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Delamater "Del" Denton, fireman since 1895
and past Mayor of East Rockaway
A Gap of 10 generations
in the Denton family vanishes when you talk with Delamater II of East Rockaway.
"Del," 93 years old, has inherited more than a surname from the Rev. Richard
Denton, who in 1644 founded Americas oldest Presbyterian church, Christ
First Presbyterian of Hempstead. He is so much like the leader of Hempstead
Towns earliest settlers that, when questioned, he seems to take his interviewer
back to those pioneer days.
Christ First Presbyterian Church today adjoins Denton Green, named in honor of the Rev. Richard Denton. This was the pastor who led his congregation of English settlers across the Atlantic Ocean, carved new homes out of the wilderness in Massachusetts and Connecticut, but failed to find religious liberty until they reached a haven on Long Island.
Vitality, independence and a spirit of service to fellow men have persisted in this family from one generation to another. Four years ago, at the age of 89, Delamater II was still duck-hunting. His love for that sport continues, but the normal hardships of a nonagenarian in driving to the waterfront interfere. Rather than take up others' time to drive him there, he ducks hunting. His ancestor, the Rev. Mr. Denton, would understand.
Del is known as the oldest active fireman in New York State. He joined the East Rockaway Fire Department in 1895. He still attends firemanic meetings, and when there are parades he usually shares the Chiefs car. Possessor of an Honorary Chief badge, he had one of his proudest days when he received a handsome scroll recognizing his 75 years as a volunteer fire-fighter.
The quest for freedom that led the English-born Denton to cross an ocean and move out of two New England states in his search also motivated seventh-generation Oliver Denton (1773-1846). His wealth qualified him to marry a rich, influential Long Island girl but instead he chose for his mate Delamater Gautier, a French woman who fled to this country so she could worship according to her religious beliefs.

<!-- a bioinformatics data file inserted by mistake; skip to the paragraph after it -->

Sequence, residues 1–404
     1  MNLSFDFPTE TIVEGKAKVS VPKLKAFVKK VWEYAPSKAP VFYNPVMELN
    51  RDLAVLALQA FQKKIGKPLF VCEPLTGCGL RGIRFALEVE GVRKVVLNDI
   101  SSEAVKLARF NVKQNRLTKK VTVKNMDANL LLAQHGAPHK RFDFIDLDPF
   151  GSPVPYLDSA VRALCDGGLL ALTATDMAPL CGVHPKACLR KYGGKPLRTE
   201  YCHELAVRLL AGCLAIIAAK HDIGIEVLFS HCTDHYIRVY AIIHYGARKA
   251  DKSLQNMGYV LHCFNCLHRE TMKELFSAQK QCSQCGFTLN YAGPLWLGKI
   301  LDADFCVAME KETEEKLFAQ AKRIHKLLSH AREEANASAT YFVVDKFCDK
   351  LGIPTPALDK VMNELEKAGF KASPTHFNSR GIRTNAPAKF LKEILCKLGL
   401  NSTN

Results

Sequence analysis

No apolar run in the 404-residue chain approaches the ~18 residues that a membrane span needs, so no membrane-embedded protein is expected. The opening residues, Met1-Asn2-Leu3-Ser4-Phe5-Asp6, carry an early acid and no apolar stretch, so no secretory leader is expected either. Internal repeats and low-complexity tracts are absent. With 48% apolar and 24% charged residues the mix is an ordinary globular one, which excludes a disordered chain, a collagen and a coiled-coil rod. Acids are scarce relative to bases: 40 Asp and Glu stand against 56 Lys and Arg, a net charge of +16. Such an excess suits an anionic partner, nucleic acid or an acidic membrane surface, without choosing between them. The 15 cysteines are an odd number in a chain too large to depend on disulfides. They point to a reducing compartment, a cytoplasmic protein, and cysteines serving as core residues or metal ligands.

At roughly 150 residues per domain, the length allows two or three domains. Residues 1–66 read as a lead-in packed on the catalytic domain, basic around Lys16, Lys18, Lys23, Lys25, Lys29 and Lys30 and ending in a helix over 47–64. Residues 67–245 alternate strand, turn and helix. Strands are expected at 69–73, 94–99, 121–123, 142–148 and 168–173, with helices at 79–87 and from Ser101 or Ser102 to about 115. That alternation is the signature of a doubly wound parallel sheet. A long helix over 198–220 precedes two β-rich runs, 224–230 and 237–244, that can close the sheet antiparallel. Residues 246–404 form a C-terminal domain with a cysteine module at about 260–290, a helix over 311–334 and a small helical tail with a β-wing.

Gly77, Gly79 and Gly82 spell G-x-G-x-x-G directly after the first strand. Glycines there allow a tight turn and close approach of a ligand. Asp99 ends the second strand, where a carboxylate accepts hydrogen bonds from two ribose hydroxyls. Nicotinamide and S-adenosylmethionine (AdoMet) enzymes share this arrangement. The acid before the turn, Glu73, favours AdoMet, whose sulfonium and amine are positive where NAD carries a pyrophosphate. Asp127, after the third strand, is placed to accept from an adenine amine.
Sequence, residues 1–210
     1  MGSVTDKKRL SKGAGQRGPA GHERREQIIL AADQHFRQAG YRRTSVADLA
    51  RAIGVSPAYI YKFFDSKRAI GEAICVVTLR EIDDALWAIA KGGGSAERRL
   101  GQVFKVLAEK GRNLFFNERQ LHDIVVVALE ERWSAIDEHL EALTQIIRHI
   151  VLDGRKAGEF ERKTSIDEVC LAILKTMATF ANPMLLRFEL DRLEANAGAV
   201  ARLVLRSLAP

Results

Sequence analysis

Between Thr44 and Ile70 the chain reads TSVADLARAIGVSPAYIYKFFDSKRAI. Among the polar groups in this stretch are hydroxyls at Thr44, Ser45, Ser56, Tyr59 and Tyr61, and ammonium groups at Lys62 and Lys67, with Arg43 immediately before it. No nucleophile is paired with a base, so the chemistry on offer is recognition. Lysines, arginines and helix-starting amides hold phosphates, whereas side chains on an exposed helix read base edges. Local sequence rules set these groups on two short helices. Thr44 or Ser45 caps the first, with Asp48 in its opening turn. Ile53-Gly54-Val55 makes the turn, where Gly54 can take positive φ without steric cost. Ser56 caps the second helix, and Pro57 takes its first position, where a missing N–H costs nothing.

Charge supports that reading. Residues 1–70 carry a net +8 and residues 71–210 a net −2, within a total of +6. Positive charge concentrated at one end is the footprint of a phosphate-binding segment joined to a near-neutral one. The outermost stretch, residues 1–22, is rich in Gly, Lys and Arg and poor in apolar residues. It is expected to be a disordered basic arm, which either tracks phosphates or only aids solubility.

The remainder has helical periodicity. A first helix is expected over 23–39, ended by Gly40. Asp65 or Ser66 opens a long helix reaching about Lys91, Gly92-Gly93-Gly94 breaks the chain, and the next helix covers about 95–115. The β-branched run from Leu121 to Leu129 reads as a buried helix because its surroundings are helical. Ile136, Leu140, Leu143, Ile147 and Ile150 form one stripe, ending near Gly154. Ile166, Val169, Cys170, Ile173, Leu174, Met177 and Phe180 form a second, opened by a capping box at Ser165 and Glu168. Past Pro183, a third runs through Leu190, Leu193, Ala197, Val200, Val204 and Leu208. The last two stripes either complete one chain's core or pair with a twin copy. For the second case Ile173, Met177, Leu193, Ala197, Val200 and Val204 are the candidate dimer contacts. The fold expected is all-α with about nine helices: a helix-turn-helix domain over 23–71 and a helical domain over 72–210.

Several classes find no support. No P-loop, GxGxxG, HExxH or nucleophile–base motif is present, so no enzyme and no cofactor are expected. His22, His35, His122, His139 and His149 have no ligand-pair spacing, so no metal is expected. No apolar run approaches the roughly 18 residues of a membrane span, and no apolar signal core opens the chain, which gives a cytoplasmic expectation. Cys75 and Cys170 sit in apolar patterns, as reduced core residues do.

Oliver, Dels great-great-grandfather, is the ancestor who purchased a tavern bulding in 1808 and remodelled into a dwelling that became the family's homestead. The house, originally on Main Street, was moved in 1924 to its present location at 60 Denton Avenue, East Rockaway, by Delamater II. He raised the lower roof and had three dormers installed as well as some other remodelling done.
Oliver, first Denton to own the homestead, was the largest taxpayer in Hempstead Town, paying $27.93 tax on assessments totalling $14,700, according to an old newspaper clipping which quotes Bernardus Hendrickson, assessor in 1837. This Denton acquired his wealth not only by agriculture, but also by buying and selling farms along with other real estate.
His son Oliver Schuyler Denton (born 1809) inherited the spacious home while he was superintendent of a lifesaving station at Long Beach. For many years the house had a platform and sky1ight on the roof, used by the keeper to peer over the ocean through a spyglass. If his services were needed at the life-saving station he would hurry there in his boat. No bridges could speed his trip.
The rescue stations superintendent won recognition for his public spirit March 1, 1869, when the life-saving crews along Long Islands coast gave him a watch and chain. With this gift they presented a scroll which expressed their appreciation of Mr. Denton's "character as a public and private citizen," citing his "uniform courtesy, punctuality and thoroughness," and proclaiming their respect for him.
Oliver Dentons son, Delamater I (born 1846) donated land which includes the present site of East Rockaway Gristmill, museum and park adjacent to the Village Hall. Originally an elementary school was built on the land he gave.
Delamater I also started Denton Avenue. In 1903 he cut the street through the middle of his farm northward for about one-quarter mile, from Main Street to the railroads Long Beach branch. His farmhouse, which stood in the path of the new street, was moved about 100 feet westward on Main Street.